It obviously has not been easy for lawmakers to come up with legislation that fixes the constitutional issue about school levies raised in the McCleary ruling, treats students and taxpayers in 295 diverse districts equitably and responds to long-standing compensation concerns from teachers and district officials. If it was, the Education Equality Act passed by the Senate more than a week ago wouldn’t still be all by itself on the negotiating table.
Fortunately, another Supreme Court decision looming over our state – the Hirst ruling, from October – is easier to fix than McCleary. There’s no good reason why we can’t have an agreement in place as soon as the end of February.
To put it simply, Hirst complicates the process of permitting a residential water well, and complications mean more cost – tens of thousands of dollars more, potentially, which discourages people from buying land, and property owners from building or selling. Besides derailing the dreams of families all around our state, the ruling means less activity for local lenders and the real-estate and construction sectors.
I remember how a dozen years ago, without warning, the real-estate and construction sectors got hot and began pouring money into the state treasury. In contrast, there’s been ample warning about the chilling effect Hirst is having in those areas of our economy, and what it means for state revenues.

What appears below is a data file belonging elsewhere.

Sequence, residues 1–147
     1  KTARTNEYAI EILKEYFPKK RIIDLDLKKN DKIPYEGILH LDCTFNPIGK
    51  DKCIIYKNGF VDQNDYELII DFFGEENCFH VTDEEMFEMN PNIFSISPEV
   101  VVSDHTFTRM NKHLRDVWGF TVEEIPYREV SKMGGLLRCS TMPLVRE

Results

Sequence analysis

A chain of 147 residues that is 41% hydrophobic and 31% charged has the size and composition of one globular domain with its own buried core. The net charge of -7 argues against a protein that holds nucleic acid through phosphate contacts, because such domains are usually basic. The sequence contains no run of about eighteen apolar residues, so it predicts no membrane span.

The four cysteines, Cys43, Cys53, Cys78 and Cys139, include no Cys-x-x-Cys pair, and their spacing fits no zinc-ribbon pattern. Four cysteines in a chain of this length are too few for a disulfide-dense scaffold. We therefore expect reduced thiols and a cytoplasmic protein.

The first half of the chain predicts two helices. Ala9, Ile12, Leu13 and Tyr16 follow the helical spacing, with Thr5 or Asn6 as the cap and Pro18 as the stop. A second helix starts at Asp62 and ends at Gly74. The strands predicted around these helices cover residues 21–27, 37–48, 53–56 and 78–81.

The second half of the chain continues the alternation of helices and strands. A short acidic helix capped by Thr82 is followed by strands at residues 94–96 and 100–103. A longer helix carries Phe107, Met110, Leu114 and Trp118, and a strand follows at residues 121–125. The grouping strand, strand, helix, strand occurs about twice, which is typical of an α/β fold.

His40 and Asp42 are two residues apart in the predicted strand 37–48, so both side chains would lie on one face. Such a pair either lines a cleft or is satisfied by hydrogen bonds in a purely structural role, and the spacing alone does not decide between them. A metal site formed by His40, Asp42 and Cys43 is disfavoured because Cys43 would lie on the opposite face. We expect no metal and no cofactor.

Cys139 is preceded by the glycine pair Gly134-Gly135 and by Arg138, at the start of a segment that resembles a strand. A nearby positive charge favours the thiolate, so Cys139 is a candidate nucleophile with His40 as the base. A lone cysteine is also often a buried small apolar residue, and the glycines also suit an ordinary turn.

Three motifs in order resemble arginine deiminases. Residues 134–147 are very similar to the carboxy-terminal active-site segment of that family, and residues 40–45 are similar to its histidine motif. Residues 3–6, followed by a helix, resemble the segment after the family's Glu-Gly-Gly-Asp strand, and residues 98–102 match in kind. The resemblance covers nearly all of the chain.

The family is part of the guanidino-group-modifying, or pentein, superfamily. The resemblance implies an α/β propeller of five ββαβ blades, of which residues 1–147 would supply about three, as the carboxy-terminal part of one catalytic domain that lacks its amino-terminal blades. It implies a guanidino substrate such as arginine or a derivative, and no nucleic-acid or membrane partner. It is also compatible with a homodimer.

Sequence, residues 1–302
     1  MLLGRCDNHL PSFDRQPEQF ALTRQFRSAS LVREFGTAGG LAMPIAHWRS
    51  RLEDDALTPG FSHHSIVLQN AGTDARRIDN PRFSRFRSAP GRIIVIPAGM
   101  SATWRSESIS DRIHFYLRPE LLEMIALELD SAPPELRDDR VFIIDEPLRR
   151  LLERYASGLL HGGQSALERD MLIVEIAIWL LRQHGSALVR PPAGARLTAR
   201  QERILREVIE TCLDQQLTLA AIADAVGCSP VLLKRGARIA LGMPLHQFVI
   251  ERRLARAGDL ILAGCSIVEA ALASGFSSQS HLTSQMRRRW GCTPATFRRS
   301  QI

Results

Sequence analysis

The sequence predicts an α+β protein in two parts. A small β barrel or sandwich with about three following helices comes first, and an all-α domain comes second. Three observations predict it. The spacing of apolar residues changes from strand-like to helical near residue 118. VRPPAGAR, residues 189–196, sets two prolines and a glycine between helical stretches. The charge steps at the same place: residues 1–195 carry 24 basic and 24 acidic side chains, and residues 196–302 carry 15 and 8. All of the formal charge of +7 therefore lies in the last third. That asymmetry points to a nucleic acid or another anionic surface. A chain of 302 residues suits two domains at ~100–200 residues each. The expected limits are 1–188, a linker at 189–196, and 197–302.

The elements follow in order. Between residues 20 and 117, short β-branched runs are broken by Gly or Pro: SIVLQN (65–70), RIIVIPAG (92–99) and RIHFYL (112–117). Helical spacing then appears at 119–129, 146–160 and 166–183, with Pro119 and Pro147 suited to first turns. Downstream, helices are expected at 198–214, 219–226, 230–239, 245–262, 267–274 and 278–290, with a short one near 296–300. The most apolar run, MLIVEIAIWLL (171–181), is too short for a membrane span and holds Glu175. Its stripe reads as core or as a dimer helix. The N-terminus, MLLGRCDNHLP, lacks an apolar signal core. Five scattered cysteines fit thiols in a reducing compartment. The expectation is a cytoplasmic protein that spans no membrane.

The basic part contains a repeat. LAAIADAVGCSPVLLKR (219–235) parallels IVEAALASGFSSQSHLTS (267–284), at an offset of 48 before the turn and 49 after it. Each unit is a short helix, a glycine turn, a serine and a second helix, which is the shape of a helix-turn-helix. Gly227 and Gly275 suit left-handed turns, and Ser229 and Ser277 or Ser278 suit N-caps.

Our children are still being schooled while work on McCleary proceeds, and whatever agreement we reach won’t have an effect on the current school year anyway. Hirst is different, because fewer homes are being built and fewer property transactions are occurring while the Legislature works on a response. The economic damage has already begun, especially in rural Washington.
I know of two bills in each legislative chamber that would address Hirst. One House bill and one Senate bill have bipartisan sponsorship – and in my opinion, represent the straighter path to a solution. The bipartisan Senate bill has already won committee support, while the House committee may push both of its measures ahead.
Not many issues hit all 39 counties in the gut the way Hirst has, and a legislative fix could start bringing relief immediately. It could, and should, be the first major bill to come out of this session.